This week, Dartmouth hosted three representatives from the National Academies of Sciences, Engineering, and Medicine (NASEM) to discuss the findings of the academies’ 2018 landmark report, “Sexual Harassment of Women: Climate, Culture, and Consequences in Academic Sciences, Engineering, and Medicine.”
That report’s recommendations form the basis of Dartmouth’s Campus Climate and Culture Initiative (C3I), which addresses sexual harassment and the abuse of power on campus. And in 2019, Dartmouth, along with 40 other colleges and universities, joined an action collaborative with NASEM to bring together academic leaders and other key stakeholders to work to prevent sexual harassment across higher education.
During their visit, the NASEM representatives—Arielle Baker, Guarini ’19, an associate program officer with NASEM’s Committee on Women in Science, Engineering, and Mathematics; Frazier Benya, the senior program officer on the committee; and Lilia Cortina, a professor of psychology, women’s studies, and management at the University of Michigan—met with faculty, administrators, postdoctoral fellows, students, and staff across campus to discuss how the action collaborative is developing evidence-based policies and practices for addressing and preventing all forms of sexual harassment.
“This is an incredibly important topic for the success and excellence of our community,” President Philip J. Hanlon ’77 told a group of about 150 members of the Dartmouth community who gathered Monday afternoon in the Hanover Inn to hear Baker, Benya, and Cortina present the report’s findings and recommendations. Hanlon said the NASEM report is a landmark study of the prevalence, causes, and impact of sexual and gender harassment in academia.
Introducing the speakers, Provost Joseph Helble said, “It’s important for us to see ourselves as a community—one that welcomes every member of the community, and that’s every member.” This, he said, is why Dartmouth is proud to have joined the action collaborative and to be the first higher education institution to launch an initiative—C3I—designed to apply the report’s recommendations.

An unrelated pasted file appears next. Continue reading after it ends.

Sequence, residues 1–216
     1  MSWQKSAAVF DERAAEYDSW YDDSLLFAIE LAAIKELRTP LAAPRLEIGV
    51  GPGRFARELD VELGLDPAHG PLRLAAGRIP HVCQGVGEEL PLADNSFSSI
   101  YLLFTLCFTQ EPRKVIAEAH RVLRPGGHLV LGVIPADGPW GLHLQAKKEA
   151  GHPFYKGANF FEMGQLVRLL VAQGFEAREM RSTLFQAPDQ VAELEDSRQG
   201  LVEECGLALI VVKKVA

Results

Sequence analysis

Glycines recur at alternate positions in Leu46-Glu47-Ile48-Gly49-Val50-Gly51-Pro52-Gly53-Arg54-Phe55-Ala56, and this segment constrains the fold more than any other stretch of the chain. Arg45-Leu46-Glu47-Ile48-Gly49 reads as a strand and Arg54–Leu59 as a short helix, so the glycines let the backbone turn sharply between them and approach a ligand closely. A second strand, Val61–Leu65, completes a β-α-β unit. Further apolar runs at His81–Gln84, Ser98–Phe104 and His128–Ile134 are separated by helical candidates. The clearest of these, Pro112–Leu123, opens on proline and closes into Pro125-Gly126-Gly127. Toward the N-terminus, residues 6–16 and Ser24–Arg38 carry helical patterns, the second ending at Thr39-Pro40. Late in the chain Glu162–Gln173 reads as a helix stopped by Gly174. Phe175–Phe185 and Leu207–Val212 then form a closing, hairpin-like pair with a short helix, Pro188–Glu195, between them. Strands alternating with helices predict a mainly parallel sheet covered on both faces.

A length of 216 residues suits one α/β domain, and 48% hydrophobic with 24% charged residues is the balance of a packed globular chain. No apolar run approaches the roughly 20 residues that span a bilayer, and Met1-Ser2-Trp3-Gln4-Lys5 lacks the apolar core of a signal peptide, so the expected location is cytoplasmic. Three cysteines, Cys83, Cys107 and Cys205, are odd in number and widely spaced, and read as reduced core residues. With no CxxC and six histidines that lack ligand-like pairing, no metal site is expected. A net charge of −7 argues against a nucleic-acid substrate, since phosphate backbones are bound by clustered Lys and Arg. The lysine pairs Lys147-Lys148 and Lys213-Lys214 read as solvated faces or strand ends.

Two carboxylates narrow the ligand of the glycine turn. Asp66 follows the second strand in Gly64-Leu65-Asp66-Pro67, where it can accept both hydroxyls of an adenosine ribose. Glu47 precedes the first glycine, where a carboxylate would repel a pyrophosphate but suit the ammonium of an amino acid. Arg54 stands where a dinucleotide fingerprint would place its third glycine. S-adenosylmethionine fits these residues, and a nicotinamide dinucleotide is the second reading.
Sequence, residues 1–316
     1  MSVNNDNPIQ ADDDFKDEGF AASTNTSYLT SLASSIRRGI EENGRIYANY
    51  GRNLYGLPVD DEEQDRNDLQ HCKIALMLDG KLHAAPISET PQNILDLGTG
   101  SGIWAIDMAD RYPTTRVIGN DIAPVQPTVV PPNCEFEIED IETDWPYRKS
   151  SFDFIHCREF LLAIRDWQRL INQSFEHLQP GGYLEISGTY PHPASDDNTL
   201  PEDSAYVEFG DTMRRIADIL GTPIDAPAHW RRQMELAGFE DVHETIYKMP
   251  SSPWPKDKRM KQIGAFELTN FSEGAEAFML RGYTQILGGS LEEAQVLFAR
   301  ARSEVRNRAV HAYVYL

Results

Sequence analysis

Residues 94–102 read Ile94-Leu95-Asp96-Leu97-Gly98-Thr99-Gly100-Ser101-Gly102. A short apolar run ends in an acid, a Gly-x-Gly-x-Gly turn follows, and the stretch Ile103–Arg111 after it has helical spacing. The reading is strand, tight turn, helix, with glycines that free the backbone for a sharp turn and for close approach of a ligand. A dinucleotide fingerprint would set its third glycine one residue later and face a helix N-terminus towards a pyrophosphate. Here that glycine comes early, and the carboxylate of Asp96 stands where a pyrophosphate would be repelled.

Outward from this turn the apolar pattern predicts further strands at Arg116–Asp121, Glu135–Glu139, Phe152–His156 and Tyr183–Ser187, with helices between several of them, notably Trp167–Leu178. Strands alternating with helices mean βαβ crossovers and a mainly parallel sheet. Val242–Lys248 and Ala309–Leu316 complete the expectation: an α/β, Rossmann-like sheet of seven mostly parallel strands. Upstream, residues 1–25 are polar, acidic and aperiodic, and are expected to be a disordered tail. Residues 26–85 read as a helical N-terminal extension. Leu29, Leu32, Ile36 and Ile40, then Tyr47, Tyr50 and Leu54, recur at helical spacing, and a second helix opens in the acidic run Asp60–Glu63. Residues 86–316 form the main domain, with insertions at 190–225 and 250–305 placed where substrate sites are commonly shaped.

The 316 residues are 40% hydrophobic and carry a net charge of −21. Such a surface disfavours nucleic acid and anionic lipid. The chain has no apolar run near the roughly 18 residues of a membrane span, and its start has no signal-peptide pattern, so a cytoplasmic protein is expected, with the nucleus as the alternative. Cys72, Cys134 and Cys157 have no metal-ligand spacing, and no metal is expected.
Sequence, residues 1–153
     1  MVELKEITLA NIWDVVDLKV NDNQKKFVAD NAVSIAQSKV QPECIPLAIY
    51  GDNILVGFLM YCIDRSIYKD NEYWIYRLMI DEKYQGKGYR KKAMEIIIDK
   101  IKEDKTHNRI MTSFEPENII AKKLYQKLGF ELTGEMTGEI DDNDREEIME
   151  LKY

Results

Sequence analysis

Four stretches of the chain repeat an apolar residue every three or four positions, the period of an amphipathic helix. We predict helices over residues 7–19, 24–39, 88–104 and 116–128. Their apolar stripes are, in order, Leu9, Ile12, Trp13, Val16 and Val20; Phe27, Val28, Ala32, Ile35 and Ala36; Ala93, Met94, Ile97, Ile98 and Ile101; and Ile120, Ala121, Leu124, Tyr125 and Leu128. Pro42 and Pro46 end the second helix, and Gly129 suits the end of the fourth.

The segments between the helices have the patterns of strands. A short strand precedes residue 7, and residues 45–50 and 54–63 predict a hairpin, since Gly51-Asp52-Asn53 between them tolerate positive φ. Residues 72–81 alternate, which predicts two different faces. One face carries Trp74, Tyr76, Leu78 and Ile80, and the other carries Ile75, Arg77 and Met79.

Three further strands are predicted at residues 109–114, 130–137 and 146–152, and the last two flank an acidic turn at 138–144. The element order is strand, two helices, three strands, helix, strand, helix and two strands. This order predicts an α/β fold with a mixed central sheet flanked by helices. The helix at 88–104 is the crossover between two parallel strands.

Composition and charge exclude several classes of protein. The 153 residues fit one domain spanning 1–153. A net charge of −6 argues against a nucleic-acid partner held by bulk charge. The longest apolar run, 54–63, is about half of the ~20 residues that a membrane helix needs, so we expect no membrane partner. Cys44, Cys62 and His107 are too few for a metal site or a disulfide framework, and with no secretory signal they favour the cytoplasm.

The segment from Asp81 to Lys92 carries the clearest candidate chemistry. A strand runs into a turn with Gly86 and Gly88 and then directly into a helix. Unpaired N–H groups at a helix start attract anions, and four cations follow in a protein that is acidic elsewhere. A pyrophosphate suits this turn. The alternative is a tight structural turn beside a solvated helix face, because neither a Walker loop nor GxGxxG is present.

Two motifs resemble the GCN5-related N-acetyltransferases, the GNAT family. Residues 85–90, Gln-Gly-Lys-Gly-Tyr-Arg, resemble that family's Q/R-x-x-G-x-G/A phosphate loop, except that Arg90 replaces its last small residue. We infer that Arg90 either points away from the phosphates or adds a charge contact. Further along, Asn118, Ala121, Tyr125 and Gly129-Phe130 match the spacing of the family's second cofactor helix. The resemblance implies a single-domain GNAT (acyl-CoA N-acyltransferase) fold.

In their presentation, Baker, Benya, and Cortina summarized the report’s findings and recommendations and described the work of the action collaborative to raise awareness, share evidence-based policies, conduct research, and develop standards for measuring progress toward reducing and preventing sexual harassment in higher education. The full report is available online.
During a question and answer period, the three women talked about the difference between sex discrimination and harassment; the efficacy of using restorative justice methods in sexual and gender harassment cases; how to apply the report’s findings and recommendations to genderqueer and nonbinary people; programs for improving civility in the workplace; and the role of online reporting in giving people who are the targets of harassment greater flexibility in how and when they report.
Finally, the presenters, along with C3I Director Theodosia Cook, led the audience in a small-group exercise discussing what Dartmouth is doing well around these issues, what it could do better, and what it could be doing that it isn’t yet.
Cook also made a plug for the new C3I Ambassador Program, a yearlong commitment that will train a cohort of faculty and staff members to facilitate trainings and conversations on the impact of gender bias within their individual departments. Applications for the ambassador program are due Friday, Jan. 17.
In addition to the large-group meeting, Baker, Benya and Cortina held a lunch meeting with undergraduates on Monday, a breakfast with graduate students on Tuesday, and were available by appointment throughout their visit to meet with individuals to discuss the NASEM report, the action collaborative, and research on sexual harassment.
C3I is one of three initiatives the College has started in recent years to improve campus climate, along with Moving Dartmouth Forward, an effort to prevent high-risk behavior, and Inclusive Excellence, which is strengthening the College’s work to increase diversity, equity, and inclusivity.
Hannah Silverstein can be reached at firstname.lastname@example.org.